Creative thinking that delivers results

05 Oct

Integrating in-store and online key to retailer success

Category: eCommerce
Written by: Ian Turner
ecommerce, online marketing, digital marketing, showrooming, webrooming

Much has been written about the demise of some very big name retailers in recent months in the US. From Sears to Macys to Radio Shack and Payless Shoes, these retailers and many more have faced significant financial challenges that have resulted in the closure of hundreds of stores.

Why did this happen in spite of a very hot US economy? Clearly the failure to deal with the “Amazon” factor is a big part of this – a failure to offer a viable online offering. As well, an inability to integrate their in-store and online channels could also be to blame. So what can other retailers learn from these situations?

A history lesson

When the internet came to me in the 1990’s and retailers started to create websites for their businesses, the mindset was very much that the retail, in-store channel should still be the predominant one for sales and transactions and that the online world should act primarily as a source for basic information with a very limited assortment of products for sale, if any.

In essence, many retailers looked at their online ecommerce presence as being a ‘competitor’ to their traditional channel. They were very apprehensive to negatively impact their profit margins by giving customers any price savings from purchasing products from this low-cost, no service online channel; they simply didn’t see any reason to do so! This may seem completely bizarre to consumers today but this was very much the case 20 years ago.

The ecommerce movement gains momentum

As we entered the 21st century, online sales grew by double digits year-over-year as more and more time-starved shoppers turned to the online world as a way to simplify their lives. And as companies like Amazon pushed the envelope on the pricing and shipping cost side, more and more retailers were forced to adjust their pricing strategies to pass on their ecommerce costs savings to the consumer.

Sadly, this evolution was slow to materialize as too many businesses tried to hold onto their ecommerce profit margins. This greed provided the perfect opportunity for companies like Amazon to gain a stranglehold in the market and to dominate it. Retailers have had to play catch up ever since!

How traditional retailers can get a leg up on Amazon

A recent trend in consumer shopping has been the concept of “showrooming”, which refers to the act of comparison shopping in-store for products before ultimately buying them online, often at a lower price. Canadian ecommerce star Shopify has an excellent article on showrooming and its related topic webrooming (researching products online and buying in-store) for those interested in learning more.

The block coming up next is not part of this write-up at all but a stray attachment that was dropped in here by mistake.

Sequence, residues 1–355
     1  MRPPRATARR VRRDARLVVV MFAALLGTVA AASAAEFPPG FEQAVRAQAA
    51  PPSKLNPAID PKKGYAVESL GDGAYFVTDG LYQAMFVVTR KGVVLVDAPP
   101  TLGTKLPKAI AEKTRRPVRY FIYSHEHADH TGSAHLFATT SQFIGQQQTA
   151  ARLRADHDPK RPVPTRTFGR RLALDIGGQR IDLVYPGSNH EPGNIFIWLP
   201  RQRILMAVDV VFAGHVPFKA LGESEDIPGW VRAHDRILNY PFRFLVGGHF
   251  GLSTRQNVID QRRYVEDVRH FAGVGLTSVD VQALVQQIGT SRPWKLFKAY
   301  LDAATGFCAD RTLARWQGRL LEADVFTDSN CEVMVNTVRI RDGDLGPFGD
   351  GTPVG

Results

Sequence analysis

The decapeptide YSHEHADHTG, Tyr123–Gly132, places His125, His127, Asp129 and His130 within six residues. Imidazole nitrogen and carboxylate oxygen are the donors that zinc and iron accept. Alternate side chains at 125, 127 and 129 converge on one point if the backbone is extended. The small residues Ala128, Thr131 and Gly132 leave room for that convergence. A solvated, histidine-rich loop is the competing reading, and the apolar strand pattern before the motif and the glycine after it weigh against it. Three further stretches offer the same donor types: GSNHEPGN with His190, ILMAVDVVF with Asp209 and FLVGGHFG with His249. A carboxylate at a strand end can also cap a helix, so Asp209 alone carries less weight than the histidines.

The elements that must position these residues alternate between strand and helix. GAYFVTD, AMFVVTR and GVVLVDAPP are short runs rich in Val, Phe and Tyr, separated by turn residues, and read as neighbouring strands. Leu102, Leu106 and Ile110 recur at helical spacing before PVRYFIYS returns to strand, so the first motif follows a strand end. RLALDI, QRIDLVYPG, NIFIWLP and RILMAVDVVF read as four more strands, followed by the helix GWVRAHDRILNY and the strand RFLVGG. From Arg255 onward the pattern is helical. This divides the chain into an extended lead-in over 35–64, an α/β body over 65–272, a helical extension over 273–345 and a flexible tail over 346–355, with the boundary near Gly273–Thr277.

The challenge for bricks and mortar stores is to either turn the showroomers into webroomers, or to persuade showroomers that they don’t have to go online to get the best price and thus don’t have to leave their stores. As noted above, consistent pricing both in-store and online is one way to combat this particular situation. Another – and one that’s rarely seen – is to better integrate the online environment within retail stores.

What does this latter concept actually mean?  It involves providing more of an “omni-channel” strategy where additional online resources are available in stores (i.e. online terminals and kiosks) to allow shoppers to easily find additional product information (such as videos, tutorials, testimonials and product reviews) to enhance the purchase decision.

This approach also offers customers the unique ability to purchase custom-made products in-store with the help of technology and resources that isn’t possible online. An example of this is the new digital concept store Canadian retailer Sportchek opened in Toronto in 2013. It offers clients the ability to design and purchase their ideal running shoe after running on a treadmill that is able to come up with the ideal specifications based on their running style and sport.

Price guarantees (including online only stores) are another step in the right direction. While no one wants to compete on price alone, retailers need to understand that this policy is needed more than ever if they want to hold onto their customers and prevent them from buying elsewhere. Those that embrace this while also providing a superior customer experience will be the true winners here.

In the end, retail executives need to appreciate that consumers have become more sophisticated and knowledgeable when it comes to their purchase decisions and are willing to invest the time to ensure they are getting the best value for their hard-earned money. By providing tools that will enable their customers to make ‘informed decisions’, retailers can earn the confidence and trust they’re striving to achieve.  

It's time that businesses recognize that in order to remain competitive, relevant, and most importantly, profitable, they have to keep up with the constant evolution that technology has created for us. Contact us today if you’d like help developing the ecommerce strategy for your business.

 

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